Ticket re-sellers put on notice as new scalping laws take effect
- Letters advising of new ticket scalping laws sent to seven online re-sellers
- Action to be taken against individuals and companies who breach the laws
- Consumers advised to buy tickets only from authorised agents
Consumer Protection has put ticket re-sellers on notice as new scalping laws in WA take effect from today.
Notices have been sent to seven online re-sellers advising them of the new laws and the heavy penalties that they could face should they not comply.
Of particular concern is the possibility of tickets to the AFL Grand Final, to be held at Optus Stadium in Perth on 25 September 2021, being scalped for more than the new laws allow, with general admission tickets going on sale this Thursday 16 September 2021.
Under the Ticket Scalping Act 2021, ticket re-sellers are limited to a maximum ten per cent mark-up from the original price. Re-sold tickets must disclose the location of the seat or viewing spot for each ticket. Offenders face a fine of $20,000 for individuals and $100,000 for companies.
Also banned is the use of software, known as ‘bots’, which are designed to by-pass security measures in order to purchase tickets in bulk. This offence carries penalties of a $100,000 fine for individuals and $500,000 for companies.
In his communication with the re-sellers, Commissioner for Consumer Protection Gary Newcombe warned them against price gouging.
“I have expressed to these sites my concern about the activities of ticket scalpers that frequently purchase tickets to major events and then resell those tickets at highly inflated prices,” Mr Newcombe said.
“I told them that, with the AFL Grand Final coming to Western Australia for the first time, dedicated fans should be able to confidently purchase tickets at a fairer price within the resale market.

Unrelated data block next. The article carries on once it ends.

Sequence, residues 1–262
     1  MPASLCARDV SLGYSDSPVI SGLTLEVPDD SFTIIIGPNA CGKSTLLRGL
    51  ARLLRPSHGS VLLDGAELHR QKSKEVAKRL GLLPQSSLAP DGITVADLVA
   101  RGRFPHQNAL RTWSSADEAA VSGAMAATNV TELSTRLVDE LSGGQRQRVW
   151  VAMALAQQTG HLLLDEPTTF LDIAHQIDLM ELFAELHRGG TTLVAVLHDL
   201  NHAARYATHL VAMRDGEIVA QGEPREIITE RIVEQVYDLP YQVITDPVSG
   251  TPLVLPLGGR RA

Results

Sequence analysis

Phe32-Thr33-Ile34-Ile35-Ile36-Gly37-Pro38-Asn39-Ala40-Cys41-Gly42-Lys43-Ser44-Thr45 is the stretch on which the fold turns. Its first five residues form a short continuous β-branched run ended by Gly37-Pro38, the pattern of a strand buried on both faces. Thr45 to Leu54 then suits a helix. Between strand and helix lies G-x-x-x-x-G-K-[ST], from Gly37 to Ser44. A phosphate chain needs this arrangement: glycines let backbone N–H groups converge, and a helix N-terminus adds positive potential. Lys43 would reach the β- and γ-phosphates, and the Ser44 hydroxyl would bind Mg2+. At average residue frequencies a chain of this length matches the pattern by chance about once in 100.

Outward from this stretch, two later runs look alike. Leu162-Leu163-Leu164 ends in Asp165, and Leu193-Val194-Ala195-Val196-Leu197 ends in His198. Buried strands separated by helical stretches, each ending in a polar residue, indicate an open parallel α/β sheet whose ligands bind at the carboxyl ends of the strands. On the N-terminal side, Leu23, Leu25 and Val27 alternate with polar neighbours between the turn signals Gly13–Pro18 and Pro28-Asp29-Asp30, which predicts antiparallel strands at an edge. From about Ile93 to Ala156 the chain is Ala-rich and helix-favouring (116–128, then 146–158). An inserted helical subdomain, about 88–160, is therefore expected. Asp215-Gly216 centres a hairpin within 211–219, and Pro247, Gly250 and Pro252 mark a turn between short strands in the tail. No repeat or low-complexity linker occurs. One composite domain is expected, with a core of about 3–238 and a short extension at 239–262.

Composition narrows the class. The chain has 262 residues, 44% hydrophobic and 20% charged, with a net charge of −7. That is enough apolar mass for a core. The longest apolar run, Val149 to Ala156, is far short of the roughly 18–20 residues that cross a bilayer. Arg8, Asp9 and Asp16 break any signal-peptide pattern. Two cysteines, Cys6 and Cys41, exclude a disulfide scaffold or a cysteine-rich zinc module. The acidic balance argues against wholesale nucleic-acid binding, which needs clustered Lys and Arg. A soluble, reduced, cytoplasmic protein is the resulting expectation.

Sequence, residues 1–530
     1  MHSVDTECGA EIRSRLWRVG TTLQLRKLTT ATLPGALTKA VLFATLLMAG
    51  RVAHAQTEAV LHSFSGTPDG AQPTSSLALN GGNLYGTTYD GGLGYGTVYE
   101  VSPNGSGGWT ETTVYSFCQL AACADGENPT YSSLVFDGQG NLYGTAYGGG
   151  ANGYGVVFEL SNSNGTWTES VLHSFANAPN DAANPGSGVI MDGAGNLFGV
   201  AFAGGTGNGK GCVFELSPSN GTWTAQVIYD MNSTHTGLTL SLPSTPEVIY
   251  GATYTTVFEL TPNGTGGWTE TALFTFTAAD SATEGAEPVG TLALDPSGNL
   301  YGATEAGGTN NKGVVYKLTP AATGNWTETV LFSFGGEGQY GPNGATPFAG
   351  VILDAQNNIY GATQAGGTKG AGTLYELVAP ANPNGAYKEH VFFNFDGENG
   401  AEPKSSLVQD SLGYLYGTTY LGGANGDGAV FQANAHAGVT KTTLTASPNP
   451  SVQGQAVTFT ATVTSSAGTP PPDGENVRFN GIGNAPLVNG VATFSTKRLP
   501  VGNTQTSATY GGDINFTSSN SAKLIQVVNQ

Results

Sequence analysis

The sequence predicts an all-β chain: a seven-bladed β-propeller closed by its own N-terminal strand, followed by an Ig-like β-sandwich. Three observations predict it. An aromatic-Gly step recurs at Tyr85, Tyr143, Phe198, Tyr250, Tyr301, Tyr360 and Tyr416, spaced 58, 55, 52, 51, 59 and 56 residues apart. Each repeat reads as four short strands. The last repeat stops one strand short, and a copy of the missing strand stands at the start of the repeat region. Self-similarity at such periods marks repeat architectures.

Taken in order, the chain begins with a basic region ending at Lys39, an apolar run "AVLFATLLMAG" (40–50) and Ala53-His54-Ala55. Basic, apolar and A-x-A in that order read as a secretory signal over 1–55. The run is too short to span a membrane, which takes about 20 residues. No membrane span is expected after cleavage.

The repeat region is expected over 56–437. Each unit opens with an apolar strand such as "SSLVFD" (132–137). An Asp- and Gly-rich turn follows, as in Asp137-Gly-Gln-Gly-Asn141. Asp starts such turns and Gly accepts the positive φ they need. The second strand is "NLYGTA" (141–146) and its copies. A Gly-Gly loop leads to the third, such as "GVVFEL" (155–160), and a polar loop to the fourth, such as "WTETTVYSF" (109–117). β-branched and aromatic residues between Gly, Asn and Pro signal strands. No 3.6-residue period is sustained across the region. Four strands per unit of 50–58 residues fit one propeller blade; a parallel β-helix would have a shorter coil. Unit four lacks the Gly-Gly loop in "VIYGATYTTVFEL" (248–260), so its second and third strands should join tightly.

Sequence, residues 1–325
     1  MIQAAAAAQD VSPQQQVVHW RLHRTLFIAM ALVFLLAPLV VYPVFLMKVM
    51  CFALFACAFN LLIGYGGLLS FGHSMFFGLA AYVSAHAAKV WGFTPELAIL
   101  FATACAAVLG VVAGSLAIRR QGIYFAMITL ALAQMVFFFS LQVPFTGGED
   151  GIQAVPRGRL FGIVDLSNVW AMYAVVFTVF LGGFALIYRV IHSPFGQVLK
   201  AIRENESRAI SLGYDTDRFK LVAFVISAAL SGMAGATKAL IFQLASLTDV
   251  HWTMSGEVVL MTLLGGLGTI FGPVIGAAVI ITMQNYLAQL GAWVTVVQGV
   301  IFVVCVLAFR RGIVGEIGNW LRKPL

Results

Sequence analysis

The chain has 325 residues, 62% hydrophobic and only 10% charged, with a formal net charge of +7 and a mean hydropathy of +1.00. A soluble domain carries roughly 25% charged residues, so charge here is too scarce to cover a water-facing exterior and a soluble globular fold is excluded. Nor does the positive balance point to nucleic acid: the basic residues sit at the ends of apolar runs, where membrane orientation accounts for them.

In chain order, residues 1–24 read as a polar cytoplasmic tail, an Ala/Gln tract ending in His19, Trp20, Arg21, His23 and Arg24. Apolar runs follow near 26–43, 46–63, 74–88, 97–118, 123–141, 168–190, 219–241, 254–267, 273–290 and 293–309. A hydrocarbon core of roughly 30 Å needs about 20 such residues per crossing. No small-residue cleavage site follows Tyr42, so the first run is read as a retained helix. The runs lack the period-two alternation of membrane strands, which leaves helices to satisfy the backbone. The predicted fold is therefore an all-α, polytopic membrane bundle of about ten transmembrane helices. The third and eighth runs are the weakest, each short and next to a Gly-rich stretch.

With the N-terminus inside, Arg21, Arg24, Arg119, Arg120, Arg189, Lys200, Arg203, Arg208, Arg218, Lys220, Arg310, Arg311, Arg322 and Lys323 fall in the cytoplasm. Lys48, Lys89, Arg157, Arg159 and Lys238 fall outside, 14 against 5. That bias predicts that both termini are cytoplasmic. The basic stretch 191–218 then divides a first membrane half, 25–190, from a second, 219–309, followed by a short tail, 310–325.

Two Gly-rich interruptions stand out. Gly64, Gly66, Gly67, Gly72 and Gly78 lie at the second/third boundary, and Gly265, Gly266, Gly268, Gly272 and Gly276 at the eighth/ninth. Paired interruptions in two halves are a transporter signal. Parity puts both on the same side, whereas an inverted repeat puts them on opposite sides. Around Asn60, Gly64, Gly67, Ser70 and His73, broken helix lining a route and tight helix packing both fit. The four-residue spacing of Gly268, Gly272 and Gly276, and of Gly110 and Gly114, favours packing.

“We will be proactively monitoring resale websites to ensure that tickets are advertised for resale in line with the new laws and we will investigate complaints received from consumers. Consumer Protection compliance officers will also be at Optus Stadium on Grand Final day to deal first-hand with consumers who may have purchased invalid tickets due to the law being breached.”
Consumer Protection recommends only purchasing tickets from authorised sellers to avoid any disappointment and, in the case of the Grand Final, that’s the official AFL site at afl.com.au/tickets.
“In the desperation to buy tickets to major events, such as the AFL Grand Final, consumers should not necessarily choose the outlet that comes up on top after an internet search,” the Commissioner said.
“Seek out the authorised seller for that event and buy through them, as you will pay the right price and protect your refund rights if the event is postponed or cancelled which is a risk we need to be alert to during these times of COVID-19.
“Purchasing via re-sellers, particularly if they are based overseas, can be risky as people may find that their tickets are either invalid or fake and they are denied entry to the event when they turn up, which would be very upsetting.
“While still providing an opportunity for people to on-sell their unwanted tickets, the new laws remove the incentive for those who seek to profit from the large-scale purchase and re-selling of tickets to popular events.”
Consumers who see tickets for re-sale which exceed the allowed ten per cent mark-up, or have issues with tickets they have purchased, can contact Consumer Protection via email firstname.lastname@example.org or by calling 1300 30 40 54.
Media Contact: Alan Hynd, (08) 6552 9248 / 0429 078 791 / email@example.com
Ticket re-sellers have been put on notice, ahead of the AFL Grand Final coming to Perth
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